Lily Tomlin will be the first openly gay person to receive the prestigious Screen Actors Guild Life Achievement Award next year.
The actress – who’s earned multiple Emmys, two Tonys, and a Grammy – has been named the 53rd recipient of the SAG Life Achievement Award for her onscreen achievements across a decades-spanning career.
Tomlin shot to fame as a comic but found her breakout role in the early 1970s’ variety show Rowan and Martin’s Laugh-In, before later taking her comedic talents to the big screen and stage with a number of iconic characters.
SAG-AFTRA President Gabrielle Carteris described Tomlin as “an extraordinary actress as equally adept at narrative drama as in comedy roles.
She has an ability to create diverse and distinct characters that are at once familiar, eccentric and oh so honest – in a way that illuminates life’s hidden corners.
From Edith Ann to Frankie, her characters are wholly unique, and by exposing every nuance of human behaviour they widen our scope of understanding.”
Tomlin already has an impressive list of honours, including multiple Emmys, numerous American Comedy Awards, two Tony Awards, and a Grammy.
Most recently she has received acclaim for her role in the Netflix series Grace and Frankie alongside Jane Fonda.
Tomlin will be presented with the award at the 23rd annual SAG Awards on January 29, 2017.
My mother would have died. Literally. If she’d lived to see me come out. Bless her heart, she was Southern, basically fundamentalist, but she was very witty and sweet and kind and she adored Jane. She died 10 years ago. She was 91. So that was always kind of a dilemma for me.”
The Grace and Frankie star, who shot to fame as a comic in 1969 before later finding success with cult hit films like Nashville and 9 to 5, never had a grand ‘coming out’.
However, she has quietly spoken about her sexuality for a number of years – and married her long-term partner Jane Wagner on New Year’s Eve 2013.
The actress also said earlier in her career she turned down films that said “thoughtless things about women”.
They sent me two or three Neil Simon scripts over the years. When you’re first in the business you’re so innocent and free, the script would literally leap out of my hands into the trash can. Then afterward you get to know more and more people and you make more compromises.”
Tomlin is currently promoting her new film, Grandma, in which the 76-year-old plays a pot-smoking lesbian feminist poet – hurrah!
Hollywood is a broken industry. It is sexist, racist and queerphobic whether outright (in comments from directors and casting agents that just don’t cast or consider women, people of colour or LGBT people for roles) or behind closed doors (in the way it fails to portray their stories and protests ‘creative license!’ when called out for it).
Rather unsurprisingly, the industry is also incredibly ageist as it either ignores the stories of mature people or pigeonholes them into background grandparent roles unbefitting of actors who have headlined Hollywood’s finest projects throughout their careers.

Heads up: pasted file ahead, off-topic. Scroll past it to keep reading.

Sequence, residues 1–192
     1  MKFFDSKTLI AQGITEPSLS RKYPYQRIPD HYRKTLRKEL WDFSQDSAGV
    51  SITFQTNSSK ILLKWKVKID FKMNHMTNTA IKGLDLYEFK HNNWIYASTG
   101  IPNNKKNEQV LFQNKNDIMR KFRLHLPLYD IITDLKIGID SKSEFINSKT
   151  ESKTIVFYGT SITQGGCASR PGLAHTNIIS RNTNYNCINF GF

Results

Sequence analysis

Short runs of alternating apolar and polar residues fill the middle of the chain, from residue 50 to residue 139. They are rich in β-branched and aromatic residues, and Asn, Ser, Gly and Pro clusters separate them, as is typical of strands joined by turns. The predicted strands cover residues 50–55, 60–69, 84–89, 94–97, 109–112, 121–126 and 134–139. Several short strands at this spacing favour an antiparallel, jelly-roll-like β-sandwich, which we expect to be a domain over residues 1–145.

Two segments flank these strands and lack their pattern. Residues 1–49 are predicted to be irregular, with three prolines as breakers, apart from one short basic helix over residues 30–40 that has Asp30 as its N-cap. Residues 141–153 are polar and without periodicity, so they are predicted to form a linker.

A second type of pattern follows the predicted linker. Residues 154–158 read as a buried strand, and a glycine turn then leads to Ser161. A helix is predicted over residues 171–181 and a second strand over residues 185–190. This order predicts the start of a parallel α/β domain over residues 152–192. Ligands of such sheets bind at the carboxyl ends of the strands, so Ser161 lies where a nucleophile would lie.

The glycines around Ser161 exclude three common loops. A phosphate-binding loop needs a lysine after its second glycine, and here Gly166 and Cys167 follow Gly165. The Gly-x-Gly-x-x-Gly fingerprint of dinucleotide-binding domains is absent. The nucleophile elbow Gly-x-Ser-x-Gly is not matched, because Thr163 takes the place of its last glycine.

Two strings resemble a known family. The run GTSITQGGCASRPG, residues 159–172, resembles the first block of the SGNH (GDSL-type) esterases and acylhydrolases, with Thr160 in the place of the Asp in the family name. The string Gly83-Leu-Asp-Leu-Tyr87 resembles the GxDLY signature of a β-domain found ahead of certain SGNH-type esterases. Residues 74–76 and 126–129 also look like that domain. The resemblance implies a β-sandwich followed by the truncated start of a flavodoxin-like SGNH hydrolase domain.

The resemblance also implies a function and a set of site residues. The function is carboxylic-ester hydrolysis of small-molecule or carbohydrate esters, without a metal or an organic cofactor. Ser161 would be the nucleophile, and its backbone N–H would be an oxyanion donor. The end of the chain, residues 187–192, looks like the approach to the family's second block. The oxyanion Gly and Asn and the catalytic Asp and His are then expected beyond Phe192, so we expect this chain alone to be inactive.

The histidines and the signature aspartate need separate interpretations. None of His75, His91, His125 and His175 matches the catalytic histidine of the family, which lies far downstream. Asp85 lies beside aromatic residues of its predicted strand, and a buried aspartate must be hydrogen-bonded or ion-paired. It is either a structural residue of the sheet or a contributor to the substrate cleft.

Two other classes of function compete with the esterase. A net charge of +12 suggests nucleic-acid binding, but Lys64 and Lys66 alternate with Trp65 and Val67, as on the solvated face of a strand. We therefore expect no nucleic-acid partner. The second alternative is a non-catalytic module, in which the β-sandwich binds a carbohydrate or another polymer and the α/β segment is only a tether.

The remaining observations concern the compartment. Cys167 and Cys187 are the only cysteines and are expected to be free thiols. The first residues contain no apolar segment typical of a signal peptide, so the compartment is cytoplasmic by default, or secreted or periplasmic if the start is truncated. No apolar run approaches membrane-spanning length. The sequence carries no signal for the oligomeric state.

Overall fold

And of course by “mature people” I of course mean women. No one tuts or mutters under their breath about Harrison Ford, wondering how on Earth his aging body was able to portray and action hero in Cowboys & Aliens at the ripe old age of 73, nor do they wonder how he’ll be able to handle a lightsaber in the upcoming Star Wars movie and by the time that’s released, he’ll be 77. ‘My what a career he’s had’, they’ll say continuing to praise him like not a single wrinkle has graced his forehead, meanwhile, they ask of Meryl Streep ‘my what a career she’s had, but isn’t it time to retire now?’ before following it up with some comment about her appearance.
Hollywood’s ageism problem has come up most recently with comedian Amy Schumer’s skit titled ‘Last F—kable Day’ in which Schumer stumbles upon a party being held by Julia Louis-Dreyfus, Patricia Arquette and Tina Fey. All of them are well-known, talented names but in the skit they recognise that they each have their final ‘f—kable’ day in which the media tosses them aside, no longer finding them attractive or desirable in any way. Once they hit that age, they agree, their sexual appeal ups and leaves.
Much like the rest of Amy’s skits, which she creates for her Comedy Central show Inside Amy Schumer, she offers a tongue in cheek look at hard hitting subjects and clearly this is no different. But it’s not just a talking point; it’s something that’s actively putting a stop to the careers of many talented mature women and it’s also robbing us – the audience – of fantastic stories. We don’t just want to see mature women playing bit part grannies and elderly parent extras, we want them robbing from the government like Diane Keaton in Mad Money, or Kate Walsh embracing her rebellious streak in Bad Judge or Viola Davis as the unapologetic, no-nonsense lawyer at the centre of How to Get Away With Murder’s mysteries.